Since the tsunami, we have all been galvanised into so much giving that the obituaries for charity were proven to be premature. Like you, I wonder how much of the ad hoc collections in shops and pubs will stick to someone's fingers.
In ordinary times, how serious is fraud in charities? Very serious, because it assaults the atavistic notion of charity, rooted deep in the British psyche. The volunteer with the collecting box who says 'it's for charity' has said enough for most of us: we believe it's for a good cause. How big is fraud in charities? We'll never know and 2004's high-profile cases are not the whole story. But though there is pilfering and diversion of charity resources, I speculate that it's on nothing like the scale in the for-profit sector, where it's widely seen as a victimless crime.
That it exists is not in doubt; remember the trial of 'Lady Aberdour' some years ago? The then-chairman of the charity she robbed told me ruefully that, like most charities, they presumed honesty, taking no account of the daily trial of their workers on modest salaries, as big money passed through their hands. I wound up another charity fleeced by its founders.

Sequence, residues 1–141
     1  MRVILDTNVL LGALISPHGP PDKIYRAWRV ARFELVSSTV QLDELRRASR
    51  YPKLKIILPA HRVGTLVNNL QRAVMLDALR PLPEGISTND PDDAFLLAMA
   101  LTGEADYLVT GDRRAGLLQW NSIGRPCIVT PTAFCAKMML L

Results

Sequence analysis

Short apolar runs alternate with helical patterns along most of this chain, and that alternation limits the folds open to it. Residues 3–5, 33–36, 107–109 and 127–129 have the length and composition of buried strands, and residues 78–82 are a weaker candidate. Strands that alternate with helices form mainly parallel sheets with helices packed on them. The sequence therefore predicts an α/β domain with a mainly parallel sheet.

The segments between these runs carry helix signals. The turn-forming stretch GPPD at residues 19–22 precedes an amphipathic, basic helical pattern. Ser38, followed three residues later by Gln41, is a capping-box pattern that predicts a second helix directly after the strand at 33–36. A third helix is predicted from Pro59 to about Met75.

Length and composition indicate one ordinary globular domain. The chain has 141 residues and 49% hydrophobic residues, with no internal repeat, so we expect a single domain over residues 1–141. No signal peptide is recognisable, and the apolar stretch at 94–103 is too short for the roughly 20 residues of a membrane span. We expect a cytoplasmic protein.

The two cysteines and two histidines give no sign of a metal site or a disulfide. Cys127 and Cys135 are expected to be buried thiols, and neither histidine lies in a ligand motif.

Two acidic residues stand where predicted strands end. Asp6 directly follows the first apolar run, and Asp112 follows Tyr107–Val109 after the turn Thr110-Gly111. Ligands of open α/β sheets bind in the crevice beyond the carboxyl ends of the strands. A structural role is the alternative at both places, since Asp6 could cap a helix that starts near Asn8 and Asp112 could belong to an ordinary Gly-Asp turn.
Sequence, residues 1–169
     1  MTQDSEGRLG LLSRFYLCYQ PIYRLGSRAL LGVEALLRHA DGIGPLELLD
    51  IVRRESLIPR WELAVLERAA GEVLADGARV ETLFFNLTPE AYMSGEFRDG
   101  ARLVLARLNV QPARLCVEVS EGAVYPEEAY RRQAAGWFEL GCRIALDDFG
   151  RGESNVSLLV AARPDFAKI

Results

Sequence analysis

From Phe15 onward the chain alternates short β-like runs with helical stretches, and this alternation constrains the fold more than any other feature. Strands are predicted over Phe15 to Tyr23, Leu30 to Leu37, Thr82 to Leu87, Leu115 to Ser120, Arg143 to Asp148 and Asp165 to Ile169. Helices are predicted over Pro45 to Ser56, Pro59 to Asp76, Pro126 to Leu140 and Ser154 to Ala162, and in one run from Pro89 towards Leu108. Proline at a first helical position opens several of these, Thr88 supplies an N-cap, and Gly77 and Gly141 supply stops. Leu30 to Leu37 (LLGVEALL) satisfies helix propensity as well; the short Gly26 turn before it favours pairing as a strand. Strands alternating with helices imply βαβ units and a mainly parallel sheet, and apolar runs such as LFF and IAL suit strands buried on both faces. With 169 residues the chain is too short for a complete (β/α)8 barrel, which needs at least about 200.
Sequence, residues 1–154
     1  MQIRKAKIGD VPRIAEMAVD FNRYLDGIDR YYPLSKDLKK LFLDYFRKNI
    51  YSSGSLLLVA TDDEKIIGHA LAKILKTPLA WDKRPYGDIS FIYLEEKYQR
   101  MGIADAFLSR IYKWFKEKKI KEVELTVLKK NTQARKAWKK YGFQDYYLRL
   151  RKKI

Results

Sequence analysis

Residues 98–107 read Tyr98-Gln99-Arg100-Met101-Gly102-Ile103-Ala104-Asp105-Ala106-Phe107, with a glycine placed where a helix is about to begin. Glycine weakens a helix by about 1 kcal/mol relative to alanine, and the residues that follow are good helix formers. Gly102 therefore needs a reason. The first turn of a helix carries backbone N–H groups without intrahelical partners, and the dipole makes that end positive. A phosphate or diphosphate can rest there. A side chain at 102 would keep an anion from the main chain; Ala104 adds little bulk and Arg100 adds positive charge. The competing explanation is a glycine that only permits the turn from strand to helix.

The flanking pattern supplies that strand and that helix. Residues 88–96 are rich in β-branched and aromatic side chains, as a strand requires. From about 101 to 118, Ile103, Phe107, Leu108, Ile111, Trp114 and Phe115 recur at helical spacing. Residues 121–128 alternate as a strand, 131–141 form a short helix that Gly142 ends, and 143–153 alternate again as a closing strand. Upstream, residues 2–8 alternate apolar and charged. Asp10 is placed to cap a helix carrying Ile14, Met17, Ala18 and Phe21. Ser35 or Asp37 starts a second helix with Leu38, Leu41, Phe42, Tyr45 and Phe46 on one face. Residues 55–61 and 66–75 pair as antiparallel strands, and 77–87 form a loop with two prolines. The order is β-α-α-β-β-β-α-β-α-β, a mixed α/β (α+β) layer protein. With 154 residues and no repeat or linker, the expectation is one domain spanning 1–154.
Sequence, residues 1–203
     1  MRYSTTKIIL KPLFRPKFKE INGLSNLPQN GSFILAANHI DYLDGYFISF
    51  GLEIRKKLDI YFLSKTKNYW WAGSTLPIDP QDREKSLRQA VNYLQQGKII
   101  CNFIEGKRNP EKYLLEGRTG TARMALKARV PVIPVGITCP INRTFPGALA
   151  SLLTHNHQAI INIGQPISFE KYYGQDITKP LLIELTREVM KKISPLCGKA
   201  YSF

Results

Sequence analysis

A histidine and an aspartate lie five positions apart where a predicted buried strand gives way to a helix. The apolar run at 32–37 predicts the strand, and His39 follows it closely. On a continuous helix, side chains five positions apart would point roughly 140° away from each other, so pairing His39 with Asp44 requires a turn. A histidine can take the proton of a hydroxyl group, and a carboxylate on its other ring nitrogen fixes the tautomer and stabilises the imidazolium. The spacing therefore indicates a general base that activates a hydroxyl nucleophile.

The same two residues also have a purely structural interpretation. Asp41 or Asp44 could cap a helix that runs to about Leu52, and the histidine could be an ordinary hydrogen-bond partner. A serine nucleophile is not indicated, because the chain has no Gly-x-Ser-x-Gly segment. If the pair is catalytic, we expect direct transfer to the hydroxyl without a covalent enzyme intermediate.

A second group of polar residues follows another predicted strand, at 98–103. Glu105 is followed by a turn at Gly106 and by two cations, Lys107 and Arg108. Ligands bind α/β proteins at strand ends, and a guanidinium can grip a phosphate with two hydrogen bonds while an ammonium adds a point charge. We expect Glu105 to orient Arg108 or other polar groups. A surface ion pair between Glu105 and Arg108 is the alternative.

But the ethos of charity is about benefit to others, not to investors, so private gain tends to be conspicuous. A charity Enron has yet to emerge - but if you know better, why aren't you talking to the Charity Commission?
There are two unwritten safeguards and I would take some convincing that beefing up regulation and inspection would do much more. The first is that charities are always of interest to somebody and questions are eventually asked. The second is that raising funds for charities is seriously hard work and if you want to make money there are far easier ways to do it.
Charity fraud should be punished vigorously and publicly. But it pales into insignificance, in my experience, compared with the waste of charity resources that results from the refusal to invest in proper management.
Clever people are allowed to hang up their business sense at the door of the trustees' meeting and accept propositions they would never normally countenance - they could be under-researched, under managed, understaffed, and amateur in the worst sense. As a way of wasting charitable funds incompetance has no equal, and unlike fraud, it is nearly endemic throughout the sector.
Another time I'll talk about some honourable exceptions.
Peter Cardy is chief executive of Macmillan Cancer Relief